Lake Huron Water Levels

To view a live feed of Lake Huron Water Levels, click the image below:

Image Link to Live Feed of Lake Huron Changing Lake Levels

Lake Huron Water Levels

The Tobermory water level plot presented here consists of readings averaged over every one hour period during the previous month. They are downloaded from the Canadian Hydrographic Service and compared to a highly smoothed version of Tobermory lake levels for the same time period in the previous two years.

Lake level variations are generally classified as short, seasonal and long term. Seasonal variations reflect changes in precipitation, evaporation and runoff over the course of a year. Long term variations reflect the net budget of water inflow versus outflow, climate change, and isostatic rebound.

Seasonal and long term variations are well displayed on web sites such as the NOAA dashboard. Here we are concentrating on the short term variations which take place on time scales of hours to days, and have amplitudes typically less than 15 cm. The largest variations are caused by barometric pressure changes and the storms that accompany them. Strong winds from one direction will pile water up on one side of the lake (“wind set”) and, if as often happens the wind switches direction as the storm passes over, depress water levels on that side and raise them on the other side. Once the storm passes, water sloshes back and forth in a “seiche” as it settles back to a level state. These barometric, wind and seiche variations typically take place over many hours to one or two days, have amplitudes of 5 to 15 cm., and can almost always be observed on our monthly plots.

At a harbour like Tobermory, or La Ronde on Cove Island, these changes in lake level on the outside can cause additional, superimposed, water level variations inside (or localized seiches) that depend on the shape and depth of the harbour. If you imagine the big lake outside as a long, weak spring with an attached weight which oscillates up and down slowly, and then imagine what would happen if that weight brushed up against a weight attached to a smaller and stronger spring, setting it into a much more rapid motion, you get some idea of this harbour effect. These harbour water level variations are usually measured in minutes not hours, and therefore do not usually show up on our plot made of hourly readings, but they can be quite large on occasions as local boat owners may remember!

Finally, there are tides! These can almost always be observed on our plot as small oscillations repeating roughly every 12½ hours, with heights at Tobermory averaging about 2 cm. As with seiches, the shape of a harbour and its bathymetry can influence the size of the tidal variation. Lake tides are described in more detail in the article Tobermory Tides available on this website. (See the SOK Resources Menu.)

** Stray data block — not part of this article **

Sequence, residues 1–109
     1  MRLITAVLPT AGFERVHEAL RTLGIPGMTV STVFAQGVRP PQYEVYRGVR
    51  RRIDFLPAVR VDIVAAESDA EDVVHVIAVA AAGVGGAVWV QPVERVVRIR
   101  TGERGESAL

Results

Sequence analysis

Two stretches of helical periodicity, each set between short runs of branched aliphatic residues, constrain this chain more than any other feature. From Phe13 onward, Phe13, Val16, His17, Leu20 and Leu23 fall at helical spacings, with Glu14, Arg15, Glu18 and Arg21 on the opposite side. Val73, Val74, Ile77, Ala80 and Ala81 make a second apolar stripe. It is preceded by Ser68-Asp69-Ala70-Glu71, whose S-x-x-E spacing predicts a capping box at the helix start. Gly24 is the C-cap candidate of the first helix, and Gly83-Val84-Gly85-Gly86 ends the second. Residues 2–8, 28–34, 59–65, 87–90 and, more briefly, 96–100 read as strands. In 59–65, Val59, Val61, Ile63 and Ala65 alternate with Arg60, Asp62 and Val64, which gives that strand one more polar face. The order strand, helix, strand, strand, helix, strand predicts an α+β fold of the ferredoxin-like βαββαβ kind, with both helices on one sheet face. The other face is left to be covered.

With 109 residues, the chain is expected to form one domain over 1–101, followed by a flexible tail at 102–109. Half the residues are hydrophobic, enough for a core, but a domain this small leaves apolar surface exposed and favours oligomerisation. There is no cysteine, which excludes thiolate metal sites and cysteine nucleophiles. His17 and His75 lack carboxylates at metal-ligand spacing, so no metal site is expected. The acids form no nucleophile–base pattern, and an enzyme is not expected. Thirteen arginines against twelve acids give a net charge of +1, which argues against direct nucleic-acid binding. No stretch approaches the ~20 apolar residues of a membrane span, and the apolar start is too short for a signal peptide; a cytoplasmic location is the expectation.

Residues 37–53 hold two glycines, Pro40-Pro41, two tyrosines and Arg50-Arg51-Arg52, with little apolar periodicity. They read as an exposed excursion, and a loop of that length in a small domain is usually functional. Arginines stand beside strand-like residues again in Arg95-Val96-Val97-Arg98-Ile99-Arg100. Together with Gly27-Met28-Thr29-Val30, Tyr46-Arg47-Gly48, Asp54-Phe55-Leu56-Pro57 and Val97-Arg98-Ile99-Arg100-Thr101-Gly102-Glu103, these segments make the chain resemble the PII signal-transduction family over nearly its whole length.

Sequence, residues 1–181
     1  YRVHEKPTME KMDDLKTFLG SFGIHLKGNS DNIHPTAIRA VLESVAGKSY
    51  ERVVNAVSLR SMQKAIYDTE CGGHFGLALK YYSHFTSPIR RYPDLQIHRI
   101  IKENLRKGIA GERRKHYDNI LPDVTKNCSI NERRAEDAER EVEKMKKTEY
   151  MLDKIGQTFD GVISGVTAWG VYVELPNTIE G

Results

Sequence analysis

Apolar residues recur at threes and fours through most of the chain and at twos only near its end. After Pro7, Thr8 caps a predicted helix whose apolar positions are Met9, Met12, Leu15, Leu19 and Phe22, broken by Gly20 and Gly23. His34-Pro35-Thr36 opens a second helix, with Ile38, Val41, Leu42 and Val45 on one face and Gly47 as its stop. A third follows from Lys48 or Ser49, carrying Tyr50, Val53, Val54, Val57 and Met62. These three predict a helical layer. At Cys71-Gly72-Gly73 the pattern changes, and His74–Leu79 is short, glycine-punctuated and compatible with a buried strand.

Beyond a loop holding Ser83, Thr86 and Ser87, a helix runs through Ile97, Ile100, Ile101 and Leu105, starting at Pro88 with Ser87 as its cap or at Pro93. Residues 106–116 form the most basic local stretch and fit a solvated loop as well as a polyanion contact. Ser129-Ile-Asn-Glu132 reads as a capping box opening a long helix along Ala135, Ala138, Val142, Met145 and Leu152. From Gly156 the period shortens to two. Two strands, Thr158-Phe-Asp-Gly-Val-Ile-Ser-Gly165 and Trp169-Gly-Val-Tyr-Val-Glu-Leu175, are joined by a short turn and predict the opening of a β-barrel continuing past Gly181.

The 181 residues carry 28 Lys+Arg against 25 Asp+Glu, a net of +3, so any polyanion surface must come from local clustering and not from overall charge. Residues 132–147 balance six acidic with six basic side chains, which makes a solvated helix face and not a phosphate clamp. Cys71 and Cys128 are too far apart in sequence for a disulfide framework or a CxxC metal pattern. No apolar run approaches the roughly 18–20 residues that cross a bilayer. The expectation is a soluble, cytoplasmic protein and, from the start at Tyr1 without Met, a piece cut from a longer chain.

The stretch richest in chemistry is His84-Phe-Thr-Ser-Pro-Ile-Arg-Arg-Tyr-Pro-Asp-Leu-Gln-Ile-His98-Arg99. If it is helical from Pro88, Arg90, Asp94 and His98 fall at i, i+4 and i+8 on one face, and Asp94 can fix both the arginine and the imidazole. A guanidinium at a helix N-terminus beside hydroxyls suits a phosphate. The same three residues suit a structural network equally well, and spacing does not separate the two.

Record Low Water Levels – CBC News

Record low water levels on the Great Lakes are costing the shipping industry and economy millions of dollars each year, say insiders.

Jack Frye, vice president of Southwestern Sales, which operates two shipping terminals in Windsor, Ont., estimates the low levels cost shipping companies $20,000 per freighter, or $500 million a year, in lost revenue.

Civilization starts around the water sources. So we have to maintain our water sources.’—Saad Jasim, former head of the International Joint Commission in Windsor, Ont.

Ed Dewling, captain of the Algoma Enterprise and a captain for 30 years, just passed through the Detroit River loaded with petroleum coke. His 222-metre freighter, which has a 24,494-tonne capacity cap, was running 907 tonnes light.

“We’re running light all the time now,” Dewling said.

Water levels are down because warmer air and water temperatures accelerate evaporation and the region hasn’t been getting as much rain or snow in recent years.

Excerpt Above From CBC website –


Chi-Cheemaun Ferry Service Faces Multiple Threats

Excerpt from From Tobermory Press. Full Article at the Tobermory Press “Daytrip Companion” Website (as of August 2013):

The iconic Manitoulin Island Ferry Service has been the Gateway to Northern Ontario since the 1930s. The current vessel, MS Chi-Cheemaun, was purpose built for the route in 1974 at the Collingwood shipyards — one of the last hulls built at that historic facility.

The Chi-Cheemaun has been everything her owners and crew could have wanted — comfortable, efficient, seaworthy, dependable. She is the largest passenger ferry on the Great Lakes.

She has become a huge part of the culture of the two ports she serves — Tobermory on the Bruce Peninsula and South Baymouth on Manitoulin Island. So it has been a source of stress on both “the Peninsula” and “the Island” that ridership has been dropping steadily for 20 years …

But just when the Ferry Service thought they had enough problems, low water levels made it worse. The beginning of the 2013 sailing season was delayed until spring run-off raised the lake into the normal range.

Excerpt from From Tobermory Press. Full Article at the Tobermory Press “Daytrip Companion” Website (as of August 2013):


Environment Canada Great Lakes Water Levels


Live Feed of Local Tobermory Weather Data available here.


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